544 F2d 883 Marsellus v. Commissioner of Internal Revenue

544 F.2d 883

77-1 USTC P 9129

Casper W. MARSELLUS, Petitioner-Appellant,

No. 76-2360
Summary Calendar.*

United States Court of Appeals,
Fifth Circuit.

Jan. 3, 1977.

Richard B. Wallace, Stanley J. Bartel, Paul J. Levine, Miami, Fla., for petitioner-appellant.

Scott P. Crampton, Asst. Atty. Gen., Gary R. Allen, William S. Estabrook, III, Attys., Tax Div., Gilbert E. Andrews, Act. Chief, App. Sect., Dept. of Justice, Meade Whitaker, Chief Counsel, Internal Revenue Service, Washington, D. C., for respondent-appellee.

Appeal from the Decision of the Tax Court of the United States (Florida Case).

Before WISDOM, GEE and TJOFLAT, Circuit Judges.

TJOFLAT, Circuit Judge:

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In this appeal, Casper W. Marsellus questions a Tax Court decision assessing against him the 50% penalty for civil fraud under section 6653(b) of the 1954 Internal Revenue Code.1 In the proceedings below, the Tax Court determined that, for the period of 1960 through 1970, Marsellus had aggregated a basic tax deficiency of $221,712.58. To this sum the court then added 50% of Marsellus' tax deficiency on a year-to-year basis, increasing his total debt to the United States by $110,856.31. On this appeal, Marsellus does not dispute the validity of the Tax Court's computation of his basic tax liability. Rather, his sole contention is that the government failed to meet its burden of proof as to the issue of fraud, and that therefore the Tax Court erred in assessing the 50% penalty under section 6653(b). We disagree, and accordingly affirm the Tax Court's decision.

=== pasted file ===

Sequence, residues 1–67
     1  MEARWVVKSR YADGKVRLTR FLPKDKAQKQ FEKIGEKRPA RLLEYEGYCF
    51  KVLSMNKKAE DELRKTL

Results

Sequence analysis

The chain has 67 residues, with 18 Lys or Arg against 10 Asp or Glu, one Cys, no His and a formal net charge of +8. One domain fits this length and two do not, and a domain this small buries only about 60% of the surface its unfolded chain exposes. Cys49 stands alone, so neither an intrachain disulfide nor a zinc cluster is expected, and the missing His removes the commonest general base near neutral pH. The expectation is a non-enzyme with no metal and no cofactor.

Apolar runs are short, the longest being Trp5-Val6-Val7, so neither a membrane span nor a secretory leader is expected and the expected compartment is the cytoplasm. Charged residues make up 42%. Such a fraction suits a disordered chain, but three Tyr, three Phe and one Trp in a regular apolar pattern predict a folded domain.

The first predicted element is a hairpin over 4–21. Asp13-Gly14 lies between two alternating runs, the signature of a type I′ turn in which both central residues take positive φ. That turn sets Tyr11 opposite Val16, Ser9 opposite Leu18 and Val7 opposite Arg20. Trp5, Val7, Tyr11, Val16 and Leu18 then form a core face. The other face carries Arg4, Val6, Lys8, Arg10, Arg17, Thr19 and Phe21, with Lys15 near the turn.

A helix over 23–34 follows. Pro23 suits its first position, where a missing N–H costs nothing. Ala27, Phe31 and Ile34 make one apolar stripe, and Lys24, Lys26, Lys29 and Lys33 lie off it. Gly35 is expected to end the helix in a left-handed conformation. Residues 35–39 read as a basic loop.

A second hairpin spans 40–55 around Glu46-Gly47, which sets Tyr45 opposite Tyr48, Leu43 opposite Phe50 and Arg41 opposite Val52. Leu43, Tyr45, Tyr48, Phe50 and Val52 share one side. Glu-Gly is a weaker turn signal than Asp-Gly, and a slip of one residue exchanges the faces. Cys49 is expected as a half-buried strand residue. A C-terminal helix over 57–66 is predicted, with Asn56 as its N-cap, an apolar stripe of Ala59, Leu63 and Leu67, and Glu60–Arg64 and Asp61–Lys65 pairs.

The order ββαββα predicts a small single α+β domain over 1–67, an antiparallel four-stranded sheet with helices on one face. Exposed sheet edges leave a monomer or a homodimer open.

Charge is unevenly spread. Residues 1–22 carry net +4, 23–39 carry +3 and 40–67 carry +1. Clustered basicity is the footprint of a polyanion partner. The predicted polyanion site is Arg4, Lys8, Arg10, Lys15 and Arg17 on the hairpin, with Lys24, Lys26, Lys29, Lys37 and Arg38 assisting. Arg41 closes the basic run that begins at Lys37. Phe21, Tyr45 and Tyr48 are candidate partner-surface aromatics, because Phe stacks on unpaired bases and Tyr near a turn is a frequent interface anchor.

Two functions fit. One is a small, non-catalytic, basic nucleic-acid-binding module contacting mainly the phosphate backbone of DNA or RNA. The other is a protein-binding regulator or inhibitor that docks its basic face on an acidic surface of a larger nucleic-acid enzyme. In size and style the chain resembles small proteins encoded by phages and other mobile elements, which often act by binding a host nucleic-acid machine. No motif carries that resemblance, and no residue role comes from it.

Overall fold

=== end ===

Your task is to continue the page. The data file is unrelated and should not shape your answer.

The facts of this case are essentially undisputed. Casper Marsellus is a seventy-five-year-old man with an eighth-grade education and no formal training in accounting and taxation. Before 1940, his income was negligible. In 1940, he began working as a salesman, and, from that year until 1959, his income was subject to the withholding tax. For the duration of this period, he never filed a tax return. For a long while he believed this procedure was unnecessary because a portion of his income was being withheld for tax purposes. Sometime prior to 1959, however, he became aware of the fact that the law required him to file yearly returns. He did not file delinquent returns when this fact was brought to his attention, since he feared that the disclosure of his previous failures to file returns would cause him to lose his job.2